Stage 5: Rieti > Fermo, 210km
Top 3: 1. Peter Sagan (Bora - Hansgrohe) 2. Thibaut Pinot (FDJ) 3. Primož Roglič (Lotto-NL Jumbo)
BMC Racing Team Top 3: 9. Rohan Dennis 18. Damiano Caruso 25. Greg Van Avermaet
Paris-Nice Wraps Up with Fast and Furious Stage 8
12 March, 2017, Nice (FRA)
Paris-Nice stage 8 came down to a battle on Cote de Peille, Col d’Eze and the run into the finish in Nice, with David De La Cruz (Quickstep-Floors) sprinting to the final stage win of the race.
Multiple attempts to form a breakaway in the opening 15km were unsuccessful until five riders went clear, who were then joined by 19 more riders, including Alessandro De Marchi, to form the day’s breakaway.
With 50km to go on the 115.5km stage, Alberto Contador (Trek-Segafredo) attacked to join the breakaway and distanced himself from the race leader Sergio Henao (Team Sky) to take the virtual lead.
Richie Porte was part of the chase group behind that was being led by Henao’s Team Sky, and as the finish line drew closer, the gap decreased to below 30 seconds.
Contador attacked from the breakaway with David De La Cruz (Quickstep-Floors) to join Marc Soler (Movistar Team) and the trio forged on ahead.
Despite a final surge from Contador, De La Cruz and Soler caught him with 500m to go, and in the end, it was De La Cruz who had the legs for the win.
Porte crossed the line in the group behind after a strong chase closed the gap significantly, and finished in tenth place on the General Classification behind winner Henao.
Quotes from the Finish Line
“We always knew that today was going to be tough, but Trek-Segafredo really lit it up from the bottom of Cote de Peille. It was such a hard, hard day. Days like this where it is short and so fast are probably the hardest. I’m just happy to get through it. Obviously, the highlight was the win yesterday, but the low point was the stage on Monday to lose time like that. The team was absolutely incredible. I think each and every one of the guys really gave it their all on every stage. I’m really happy from that point of view. I have a little bit of time off now, and then I’ll recover to come back for Tour de Romandie.”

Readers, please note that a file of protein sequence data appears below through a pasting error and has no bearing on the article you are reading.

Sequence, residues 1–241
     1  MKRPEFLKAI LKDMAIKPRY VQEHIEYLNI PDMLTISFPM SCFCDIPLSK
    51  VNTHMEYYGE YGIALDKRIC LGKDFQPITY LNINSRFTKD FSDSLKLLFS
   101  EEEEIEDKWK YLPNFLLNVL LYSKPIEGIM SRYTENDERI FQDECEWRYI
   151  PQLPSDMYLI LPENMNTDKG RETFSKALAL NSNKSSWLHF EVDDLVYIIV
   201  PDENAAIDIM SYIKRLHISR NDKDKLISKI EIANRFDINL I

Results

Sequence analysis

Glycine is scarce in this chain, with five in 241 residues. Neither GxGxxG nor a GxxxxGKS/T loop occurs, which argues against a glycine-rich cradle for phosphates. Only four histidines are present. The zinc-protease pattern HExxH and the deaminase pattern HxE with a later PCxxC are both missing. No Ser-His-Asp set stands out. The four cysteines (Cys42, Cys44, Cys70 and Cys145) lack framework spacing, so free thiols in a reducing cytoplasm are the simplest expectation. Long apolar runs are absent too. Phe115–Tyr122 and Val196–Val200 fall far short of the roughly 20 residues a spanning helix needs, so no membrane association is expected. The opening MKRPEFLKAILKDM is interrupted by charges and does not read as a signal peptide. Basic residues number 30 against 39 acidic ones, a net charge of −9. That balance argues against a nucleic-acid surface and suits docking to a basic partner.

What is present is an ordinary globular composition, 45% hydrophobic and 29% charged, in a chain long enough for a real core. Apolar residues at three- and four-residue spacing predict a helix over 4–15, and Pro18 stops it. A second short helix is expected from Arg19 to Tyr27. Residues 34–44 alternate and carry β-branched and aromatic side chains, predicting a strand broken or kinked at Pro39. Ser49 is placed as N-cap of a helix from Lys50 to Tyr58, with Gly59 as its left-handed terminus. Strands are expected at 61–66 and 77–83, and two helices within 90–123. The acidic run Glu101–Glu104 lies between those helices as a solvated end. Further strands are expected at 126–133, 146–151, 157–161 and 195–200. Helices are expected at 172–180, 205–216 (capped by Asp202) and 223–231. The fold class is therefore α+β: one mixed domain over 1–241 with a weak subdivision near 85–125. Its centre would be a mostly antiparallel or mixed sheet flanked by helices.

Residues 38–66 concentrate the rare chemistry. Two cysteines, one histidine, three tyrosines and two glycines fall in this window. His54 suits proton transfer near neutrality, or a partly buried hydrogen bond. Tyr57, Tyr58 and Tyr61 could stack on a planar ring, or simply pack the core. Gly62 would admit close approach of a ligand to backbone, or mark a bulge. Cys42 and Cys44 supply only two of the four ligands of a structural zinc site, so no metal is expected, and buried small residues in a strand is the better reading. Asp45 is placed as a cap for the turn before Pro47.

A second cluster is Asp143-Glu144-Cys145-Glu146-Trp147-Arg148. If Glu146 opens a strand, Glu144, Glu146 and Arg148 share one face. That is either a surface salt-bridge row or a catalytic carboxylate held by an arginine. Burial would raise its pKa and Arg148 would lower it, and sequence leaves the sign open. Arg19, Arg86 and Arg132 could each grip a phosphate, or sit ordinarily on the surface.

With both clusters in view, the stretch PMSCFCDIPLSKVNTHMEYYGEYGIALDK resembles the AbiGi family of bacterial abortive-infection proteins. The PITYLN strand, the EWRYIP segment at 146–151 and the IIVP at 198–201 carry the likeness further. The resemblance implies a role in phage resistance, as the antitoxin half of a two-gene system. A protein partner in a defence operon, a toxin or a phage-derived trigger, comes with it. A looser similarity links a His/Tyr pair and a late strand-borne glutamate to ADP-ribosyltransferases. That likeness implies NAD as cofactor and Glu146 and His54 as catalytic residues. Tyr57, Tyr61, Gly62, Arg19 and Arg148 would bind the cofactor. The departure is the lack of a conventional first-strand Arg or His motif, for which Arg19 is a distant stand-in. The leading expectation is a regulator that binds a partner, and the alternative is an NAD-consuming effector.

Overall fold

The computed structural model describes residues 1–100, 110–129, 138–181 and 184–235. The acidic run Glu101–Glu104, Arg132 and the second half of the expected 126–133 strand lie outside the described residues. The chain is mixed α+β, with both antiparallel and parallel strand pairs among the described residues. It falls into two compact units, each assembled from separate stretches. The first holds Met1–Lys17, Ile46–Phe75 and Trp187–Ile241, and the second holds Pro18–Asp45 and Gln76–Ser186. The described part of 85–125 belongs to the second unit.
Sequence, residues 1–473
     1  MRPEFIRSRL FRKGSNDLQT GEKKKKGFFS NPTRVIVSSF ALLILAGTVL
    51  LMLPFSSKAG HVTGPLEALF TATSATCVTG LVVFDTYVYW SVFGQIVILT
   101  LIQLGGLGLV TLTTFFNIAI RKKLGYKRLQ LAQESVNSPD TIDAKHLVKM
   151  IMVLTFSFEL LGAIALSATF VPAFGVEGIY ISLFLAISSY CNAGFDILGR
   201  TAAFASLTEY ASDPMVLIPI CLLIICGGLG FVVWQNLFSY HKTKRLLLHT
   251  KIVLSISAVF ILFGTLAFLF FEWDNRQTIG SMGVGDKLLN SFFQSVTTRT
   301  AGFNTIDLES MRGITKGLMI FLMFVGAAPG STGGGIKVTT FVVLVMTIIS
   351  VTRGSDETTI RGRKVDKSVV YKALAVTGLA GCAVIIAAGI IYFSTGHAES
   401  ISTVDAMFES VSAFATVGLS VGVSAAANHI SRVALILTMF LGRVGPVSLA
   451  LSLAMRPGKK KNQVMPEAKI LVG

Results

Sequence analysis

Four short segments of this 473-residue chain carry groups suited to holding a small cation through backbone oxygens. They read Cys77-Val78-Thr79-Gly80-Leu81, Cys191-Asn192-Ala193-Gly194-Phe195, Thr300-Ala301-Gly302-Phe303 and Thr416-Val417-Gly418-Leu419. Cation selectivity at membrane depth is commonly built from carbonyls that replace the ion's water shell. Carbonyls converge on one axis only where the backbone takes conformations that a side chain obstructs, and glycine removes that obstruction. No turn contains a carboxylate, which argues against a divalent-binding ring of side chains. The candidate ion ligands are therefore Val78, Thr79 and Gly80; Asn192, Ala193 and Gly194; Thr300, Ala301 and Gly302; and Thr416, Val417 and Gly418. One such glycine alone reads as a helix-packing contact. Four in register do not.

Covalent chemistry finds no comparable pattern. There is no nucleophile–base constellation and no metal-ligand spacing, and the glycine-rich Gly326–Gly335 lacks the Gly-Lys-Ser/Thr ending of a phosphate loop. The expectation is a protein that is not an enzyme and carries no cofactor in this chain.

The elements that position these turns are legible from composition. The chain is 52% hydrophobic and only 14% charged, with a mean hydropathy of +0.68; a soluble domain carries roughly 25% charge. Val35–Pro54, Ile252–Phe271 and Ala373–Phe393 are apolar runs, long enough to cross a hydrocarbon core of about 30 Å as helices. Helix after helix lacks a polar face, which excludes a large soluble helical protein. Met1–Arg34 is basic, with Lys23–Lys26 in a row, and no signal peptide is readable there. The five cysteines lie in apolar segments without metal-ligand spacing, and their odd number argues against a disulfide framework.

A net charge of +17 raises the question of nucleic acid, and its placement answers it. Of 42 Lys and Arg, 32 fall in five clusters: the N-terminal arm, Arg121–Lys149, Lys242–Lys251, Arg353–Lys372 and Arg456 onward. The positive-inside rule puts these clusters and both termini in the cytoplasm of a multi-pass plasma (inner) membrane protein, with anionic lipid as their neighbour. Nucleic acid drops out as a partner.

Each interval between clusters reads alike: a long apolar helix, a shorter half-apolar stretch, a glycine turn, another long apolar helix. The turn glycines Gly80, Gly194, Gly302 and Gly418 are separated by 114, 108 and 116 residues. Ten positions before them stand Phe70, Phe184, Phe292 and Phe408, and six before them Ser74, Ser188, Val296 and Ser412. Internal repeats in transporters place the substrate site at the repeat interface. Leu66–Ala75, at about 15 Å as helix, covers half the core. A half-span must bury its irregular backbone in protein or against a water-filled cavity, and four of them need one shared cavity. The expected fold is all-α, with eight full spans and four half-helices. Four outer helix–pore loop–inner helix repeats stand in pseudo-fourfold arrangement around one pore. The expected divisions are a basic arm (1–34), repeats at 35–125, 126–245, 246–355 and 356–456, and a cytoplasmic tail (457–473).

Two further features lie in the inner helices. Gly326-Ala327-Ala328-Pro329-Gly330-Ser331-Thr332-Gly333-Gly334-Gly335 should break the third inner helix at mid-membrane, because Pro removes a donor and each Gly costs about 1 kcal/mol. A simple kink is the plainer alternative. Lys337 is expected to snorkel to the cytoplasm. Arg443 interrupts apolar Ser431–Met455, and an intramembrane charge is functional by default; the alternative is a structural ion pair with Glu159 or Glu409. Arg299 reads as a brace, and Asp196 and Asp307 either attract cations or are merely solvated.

“It’s always hard when you come back from Australia to here. I think it’s just nice to win a mountaintop finish and that all of the guys in the team had faith in me the whole week. It’s a good sign for the year to come.”
Yvon Ledanois, Sports Director:
“We came here to win, and although that didn’t happen, we can take a lot of positives from this week. Obviously, it was disappointing for Richie to lose time on stage 2, but this is a big learning curve for the whole team. That aside, Richie showed great form on his stage 7 win and that he is one of the best climbers in the world. I’m proud of the way the team worked together, even when things didn’t go well. We can take a lot of experience out of this week, and I think we can be confident for the next part of the season as we work towards the main goal, the Tour de France in July.”
Stage 8: Nice > Nice (115.5km)
Top 3: 1. David de la Cruz (Quickstep-Floors), 2. Alberto Contador (Trek-Segafredo), 3. Marc Soler (Movistar Team)
BMC Racing Team top 3: 18. Richie Porte 25. Alessandro De Marchi 40. Danilo Wyss